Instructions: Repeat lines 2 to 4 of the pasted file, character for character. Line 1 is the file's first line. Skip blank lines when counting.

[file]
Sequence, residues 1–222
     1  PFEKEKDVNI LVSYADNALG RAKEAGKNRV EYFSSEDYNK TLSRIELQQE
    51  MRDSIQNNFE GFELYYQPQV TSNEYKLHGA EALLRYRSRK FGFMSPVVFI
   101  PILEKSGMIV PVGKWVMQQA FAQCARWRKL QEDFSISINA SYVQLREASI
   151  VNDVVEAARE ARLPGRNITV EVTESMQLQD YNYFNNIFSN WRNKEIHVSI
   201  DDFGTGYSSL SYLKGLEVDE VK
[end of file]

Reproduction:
     1  PFEKEKDVNI LVSYADNALG RAKEAGKNRV EYFSSEDYNK TLSRIELQQE
    51  MRDSIQNNFE GFELYYQPQV TSNEYKLHGA EALLRYRSRK FGFMSPVVFI
   101  PILEKSGMIV PVGKWVMQQA FAQCARWRKL QEDFSISINA SYVQLREASI